Leaders: Community Alliance is on right track
Published 12:00 am Tuesday, June 17, 2003
NATCHEZ &045; Public officials and business leaders interviewed Sunday said they believe Natchez-Adams current economic development structure will reap benefits in the future.
Communities throughout Mississippi are finding ways for various development organizations to pool their ideas and resources and, in some cases, share space under one roof.
In Vicksburg, for instance, members of development groups have formed a group called The Alliance, which meets at least once a month to figure out its goals for the area and ways to achieve those goals.
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In Hattiesburg one organization, the Area Development Partnership, handle economic development, retiree recruitment and convention center management. It also contracts with other agencies in the area to provide economic development services for them.
Some interviewed Sunday said they see this area’s Community Alliance, a group of 32 officials and community and business leaders, as the ideal way to bring various interests to the table.
&uot;The Community Alliance is involving other leaders in the community&uot; besides elected and economic development officials in the development process, said Michael Winn, president of the Natchez Business and Civic League.
Bringing private business owners into the process also brings in private money that could be used for development efforts, Winn said.
Winn attended an April Community Alliance meeting at which economic developer Jimmy Heidel, who now works for Vicksburg-Warren County, spoke on the alliance concept.
At that meeting, Heidel mentioned that having members of The Alliance go to Washington with one list of funding requests made a positive impression on the leaders they were trying to lobby.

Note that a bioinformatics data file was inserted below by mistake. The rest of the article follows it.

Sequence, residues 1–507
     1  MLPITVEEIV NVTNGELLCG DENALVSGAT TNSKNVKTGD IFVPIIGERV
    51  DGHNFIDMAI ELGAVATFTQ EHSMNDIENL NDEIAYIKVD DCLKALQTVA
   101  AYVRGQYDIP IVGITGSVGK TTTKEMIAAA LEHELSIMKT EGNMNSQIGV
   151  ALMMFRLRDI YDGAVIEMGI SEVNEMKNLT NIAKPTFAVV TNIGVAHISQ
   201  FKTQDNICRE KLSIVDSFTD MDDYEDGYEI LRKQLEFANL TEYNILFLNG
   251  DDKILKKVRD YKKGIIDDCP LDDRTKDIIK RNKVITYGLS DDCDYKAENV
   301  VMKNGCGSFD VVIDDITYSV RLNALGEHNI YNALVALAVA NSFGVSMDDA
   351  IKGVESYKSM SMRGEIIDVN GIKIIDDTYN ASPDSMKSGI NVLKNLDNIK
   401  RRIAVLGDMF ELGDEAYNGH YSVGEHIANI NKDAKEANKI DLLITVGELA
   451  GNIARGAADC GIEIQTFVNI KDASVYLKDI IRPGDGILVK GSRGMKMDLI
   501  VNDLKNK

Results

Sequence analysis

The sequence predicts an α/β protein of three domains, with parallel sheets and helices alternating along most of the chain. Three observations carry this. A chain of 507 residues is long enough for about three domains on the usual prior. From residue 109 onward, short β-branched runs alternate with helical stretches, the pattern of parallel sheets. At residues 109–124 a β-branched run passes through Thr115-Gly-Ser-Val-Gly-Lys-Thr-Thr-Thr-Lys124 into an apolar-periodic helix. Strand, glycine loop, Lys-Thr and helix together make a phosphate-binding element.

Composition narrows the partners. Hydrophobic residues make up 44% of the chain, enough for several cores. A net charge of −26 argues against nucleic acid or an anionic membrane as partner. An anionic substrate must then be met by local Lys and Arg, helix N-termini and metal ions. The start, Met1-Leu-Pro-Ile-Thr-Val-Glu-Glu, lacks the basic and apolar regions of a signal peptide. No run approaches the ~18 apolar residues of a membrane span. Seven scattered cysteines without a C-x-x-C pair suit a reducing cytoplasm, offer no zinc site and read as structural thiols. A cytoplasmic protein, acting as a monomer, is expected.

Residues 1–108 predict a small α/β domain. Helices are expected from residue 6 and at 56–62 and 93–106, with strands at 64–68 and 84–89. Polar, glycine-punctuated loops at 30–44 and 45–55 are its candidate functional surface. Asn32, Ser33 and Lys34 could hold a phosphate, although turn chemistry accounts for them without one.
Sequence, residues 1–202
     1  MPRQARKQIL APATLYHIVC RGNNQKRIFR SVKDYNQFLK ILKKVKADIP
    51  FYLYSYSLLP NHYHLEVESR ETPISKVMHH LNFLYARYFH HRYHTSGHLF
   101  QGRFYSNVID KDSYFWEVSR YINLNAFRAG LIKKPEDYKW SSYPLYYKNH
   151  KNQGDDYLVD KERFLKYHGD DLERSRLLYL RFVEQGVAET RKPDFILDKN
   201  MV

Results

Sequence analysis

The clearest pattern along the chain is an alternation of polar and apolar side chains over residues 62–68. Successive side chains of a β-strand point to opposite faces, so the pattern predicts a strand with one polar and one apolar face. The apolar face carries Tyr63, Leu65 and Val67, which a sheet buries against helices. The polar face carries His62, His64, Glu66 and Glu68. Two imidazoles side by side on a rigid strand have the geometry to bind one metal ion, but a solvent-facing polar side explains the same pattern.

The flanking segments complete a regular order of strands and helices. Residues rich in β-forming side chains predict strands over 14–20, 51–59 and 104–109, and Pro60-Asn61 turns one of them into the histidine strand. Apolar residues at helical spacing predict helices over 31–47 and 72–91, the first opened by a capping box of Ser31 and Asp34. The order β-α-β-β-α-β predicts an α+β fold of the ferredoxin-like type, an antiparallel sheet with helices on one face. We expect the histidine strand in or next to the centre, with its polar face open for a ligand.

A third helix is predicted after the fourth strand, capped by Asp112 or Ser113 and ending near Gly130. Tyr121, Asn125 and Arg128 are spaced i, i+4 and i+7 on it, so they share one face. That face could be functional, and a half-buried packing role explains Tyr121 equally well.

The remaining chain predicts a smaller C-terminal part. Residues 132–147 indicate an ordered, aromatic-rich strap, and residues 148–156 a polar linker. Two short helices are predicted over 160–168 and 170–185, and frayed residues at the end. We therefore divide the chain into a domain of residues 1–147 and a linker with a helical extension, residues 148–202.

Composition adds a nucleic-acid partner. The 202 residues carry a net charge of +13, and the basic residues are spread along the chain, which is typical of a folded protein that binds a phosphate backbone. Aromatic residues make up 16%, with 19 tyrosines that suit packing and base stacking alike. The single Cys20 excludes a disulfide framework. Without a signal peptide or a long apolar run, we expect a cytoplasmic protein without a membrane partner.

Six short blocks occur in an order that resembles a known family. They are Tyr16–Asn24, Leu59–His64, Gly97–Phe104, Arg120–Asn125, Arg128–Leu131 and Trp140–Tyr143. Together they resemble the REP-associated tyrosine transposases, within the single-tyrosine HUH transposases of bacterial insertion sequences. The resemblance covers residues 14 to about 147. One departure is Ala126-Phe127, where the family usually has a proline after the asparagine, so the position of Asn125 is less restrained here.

&uot;When you go as one body rather than different agencies, it makes a difference when you’re lobbying for these monies,&uot; Winn said.
Lynwood Easterling, president of the Adams County Board of Supervisors, said he also believes the Community Alliance that has already formed is the right way to go.
&uot;Everyone needs to pitch in, Š and when you do that you get all these good ideas,&uot; Easterling said. &uot;(Members) might have people they know who could bring new industries and new jobs into this area.&uot;
But both Easterling and Natchez Mayor F.L. &uot;Hank&uot; Smith emphasized that such leads need to be given to the Natchez-Adams Economic Development Authority to follow up.
&uot;The Mississippi Development Authority, at the state level, needs one agency to contact with these projects, and that’s the EDA,&uot; Easterling said.
The EDA should be the primary organization in charge of economic development for this area, while other organizations should work in a support role to the EDA instead of duplicating each other’s effort, Smith said.
&uot;They’re the ones that are full-time and, in my opinion, are the professionals,&uot; Smith said. &uot;They are supported and funded adequately to do the job.&uot;